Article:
The Problem Of Drug Use Essay

The Problem Of Drug Use Essay

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Drug use seems to be a much more common every day. It seems like the number of people who are using and becoming addicted to drugs just keeps increasing. Perhaps if more people had more knowledge of drugs, their history and effects it would not be as bad. However, it does not always work that way. Many do know side effects of certain things and still choose to use. The use of drugs could very well be like a form of observational learning. Many people will pick something up once they have observed other people actively doing it. This idea works well with groups of individuals who are using a drug or substance around someone who has never used. That one individual may learn that behavior of using the substance, and how to use it by watching the group, then trying it themselves. Any drug use when used recreationally is a perfect example of this, especially when it comes to the route it is administered.
Drugs of all kinds have been used and abused for so many years. It’s actually quite shocking to learn just how long drug use has been a real problem. Drugs, including alcohol can be used socially, recreationally, medically and abused to the point of addiction. Believe it or not, there is a true difference between using, abusing and dependence. Due to laws changing so often over the years, particular drugs become harder to find and in turn this causes larger problems. While laws are changing, people’s behaviors are changing, and so is the way an addict is treated.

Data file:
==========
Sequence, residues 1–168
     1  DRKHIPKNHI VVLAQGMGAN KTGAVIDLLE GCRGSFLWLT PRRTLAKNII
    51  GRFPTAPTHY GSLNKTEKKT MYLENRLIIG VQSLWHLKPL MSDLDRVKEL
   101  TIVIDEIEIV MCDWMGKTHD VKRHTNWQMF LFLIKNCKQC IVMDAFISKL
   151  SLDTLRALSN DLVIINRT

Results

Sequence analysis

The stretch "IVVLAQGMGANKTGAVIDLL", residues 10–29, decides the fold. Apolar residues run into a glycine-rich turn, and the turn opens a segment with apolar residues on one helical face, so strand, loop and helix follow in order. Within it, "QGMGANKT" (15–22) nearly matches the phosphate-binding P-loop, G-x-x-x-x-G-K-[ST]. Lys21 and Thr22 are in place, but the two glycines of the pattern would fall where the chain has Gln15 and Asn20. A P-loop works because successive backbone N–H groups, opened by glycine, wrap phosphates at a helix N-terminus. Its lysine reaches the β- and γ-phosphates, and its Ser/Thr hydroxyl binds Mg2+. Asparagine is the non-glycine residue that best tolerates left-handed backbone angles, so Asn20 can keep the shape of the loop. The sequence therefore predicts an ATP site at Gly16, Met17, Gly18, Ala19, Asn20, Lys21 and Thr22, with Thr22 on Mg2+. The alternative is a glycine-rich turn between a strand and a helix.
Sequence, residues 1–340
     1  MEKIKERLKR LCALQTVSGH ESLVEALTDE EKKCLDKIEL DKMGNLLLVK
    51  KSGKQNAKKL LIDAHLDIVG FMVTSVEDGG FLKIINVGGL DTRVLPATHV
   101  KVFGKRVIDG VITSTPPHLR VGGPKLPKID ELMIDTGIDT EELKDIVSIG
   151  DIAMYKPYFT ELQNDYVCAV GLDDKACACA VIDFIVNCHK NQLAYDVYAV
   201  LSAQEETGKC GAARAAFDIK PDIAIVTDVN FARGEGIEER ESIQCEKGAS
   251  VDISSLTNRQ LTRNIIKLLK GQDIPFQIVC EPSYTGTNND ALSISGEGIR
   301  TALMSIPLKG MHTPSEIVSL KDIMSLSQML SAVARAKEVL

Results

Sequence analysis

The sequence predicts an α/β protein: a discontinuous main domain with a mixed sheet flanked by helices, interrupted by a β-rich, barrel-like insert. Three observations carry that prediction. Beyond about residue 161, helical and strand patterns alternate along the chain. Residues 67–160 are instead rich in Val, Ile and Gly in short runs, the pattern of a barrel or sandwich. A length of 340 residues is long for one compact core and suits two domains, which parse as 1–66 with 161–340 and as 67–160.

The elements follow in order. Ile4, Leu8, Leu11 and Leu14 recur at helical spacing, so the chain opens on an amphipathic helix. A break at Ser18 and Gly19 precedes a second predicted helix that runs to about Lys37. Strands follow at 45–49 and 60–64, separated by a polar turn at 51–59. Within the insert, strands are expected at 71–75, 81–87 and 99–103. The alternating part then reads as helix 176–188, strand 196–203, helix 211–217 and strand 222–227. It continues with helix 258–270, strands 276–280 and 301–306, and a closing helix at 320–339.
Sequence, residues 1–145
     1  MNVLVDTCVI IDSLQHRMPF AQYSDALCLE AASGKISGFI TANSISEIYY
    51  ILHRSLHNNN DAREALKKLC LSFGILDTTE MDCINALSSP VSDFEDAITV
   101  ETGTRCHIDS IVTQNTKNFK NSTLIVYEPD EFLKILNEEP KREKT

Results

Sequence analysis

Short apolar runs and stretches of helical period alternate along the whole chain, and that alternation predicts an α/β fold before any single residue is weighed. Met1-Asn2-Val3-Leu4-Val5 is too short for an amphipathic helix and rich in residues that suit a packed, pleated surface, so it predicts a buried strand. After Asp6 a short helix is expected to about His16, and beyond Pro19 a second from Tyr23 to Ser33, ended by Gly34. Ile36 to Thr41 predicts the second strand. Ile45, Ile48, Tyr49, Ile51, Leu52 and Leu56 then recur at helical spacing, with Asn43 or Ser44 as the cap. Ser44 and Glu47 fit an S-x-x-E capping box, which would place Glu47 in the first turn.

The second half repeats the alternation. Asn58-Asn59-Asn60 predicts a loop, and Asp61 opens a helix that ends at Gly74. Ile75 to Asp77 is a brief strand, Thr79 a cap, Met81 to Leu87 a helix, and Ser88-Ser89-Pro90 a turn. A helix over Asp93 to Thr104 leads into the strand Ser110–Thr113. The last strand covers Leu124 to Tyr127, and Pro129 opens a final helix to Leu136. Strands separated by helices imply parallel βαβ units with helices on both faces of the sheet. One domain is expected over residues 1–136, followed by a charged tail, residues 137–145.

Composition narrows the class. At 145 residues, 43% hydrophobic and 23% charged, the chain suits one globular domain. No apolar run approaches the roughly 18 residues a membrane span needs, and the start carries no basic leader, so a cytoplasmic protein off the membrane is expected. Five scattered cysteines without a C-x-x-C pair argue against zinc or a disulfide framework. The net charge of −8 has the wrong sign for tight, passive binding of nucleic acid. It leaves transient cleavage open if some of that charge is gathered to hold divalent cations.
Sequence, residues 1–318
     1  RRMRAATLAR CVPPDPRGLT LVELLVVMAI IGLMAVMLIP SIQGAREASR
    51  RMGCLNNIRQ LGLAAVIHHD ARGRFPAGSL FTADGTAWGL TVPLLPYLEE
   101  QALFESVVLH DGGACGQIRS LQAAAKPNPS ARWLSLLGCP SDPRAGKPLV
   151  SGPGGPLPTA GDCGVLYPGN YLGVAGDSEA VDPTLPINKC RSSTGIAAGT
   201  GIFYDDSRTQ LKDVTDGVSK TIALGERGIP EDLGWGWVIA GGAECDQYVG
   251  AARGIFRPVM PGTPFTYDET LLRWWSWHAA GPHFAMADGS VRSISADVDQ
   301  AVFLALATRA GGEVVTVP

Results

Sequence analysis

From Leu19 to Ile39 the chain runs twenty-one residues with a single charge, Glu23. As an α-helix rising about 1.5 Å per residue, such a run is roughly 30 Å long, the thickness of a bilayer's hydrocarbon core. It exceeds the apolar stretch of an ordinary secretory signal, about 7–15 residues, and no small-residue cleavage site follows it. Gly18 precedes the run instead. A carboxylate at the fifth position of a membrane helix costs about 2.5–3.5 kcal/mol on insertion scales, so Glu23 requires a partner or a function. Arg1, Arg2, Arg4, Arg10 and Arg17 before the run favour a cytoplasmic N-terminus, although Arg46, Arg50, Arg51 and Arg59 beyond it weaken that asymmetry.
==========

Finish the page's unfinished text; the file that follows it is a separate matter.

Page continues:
Use of a drug is defined as: “use of alcohol or other drugs to socialize and feel effects” (substance use). Basically, drug use is pretty straight forward. If someone only uses a drug in a social setting with other people, while the other people are using, it is considered ...


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...tes may make someone feel as if they are dying, they are not. The symptoms can be awful, but will not kill you. Depending on the level of withdrawal someone experiences, the experience they have will differ. Symptoms can include, but are not limited to: nausea, anxiety, inability to sleep, muscle aches, high blood pressure, sweating, rapid heartbeat and diarrhea (Opiate Withdrawal).
It’s pretty obvious anyone would choose good feelings over bad ones. So, if opiate use is making someone feel “on top the world” and stopping use would make them sick, why would they want to stop? That is exactly why so many people fear withdrawal. Those good feelings can come back after withdrawal is over and someone is recovering, but first they have to get there. Withdrawal is not the end of the world or end of life, it may seem like it, but it could be just the beginning of life.

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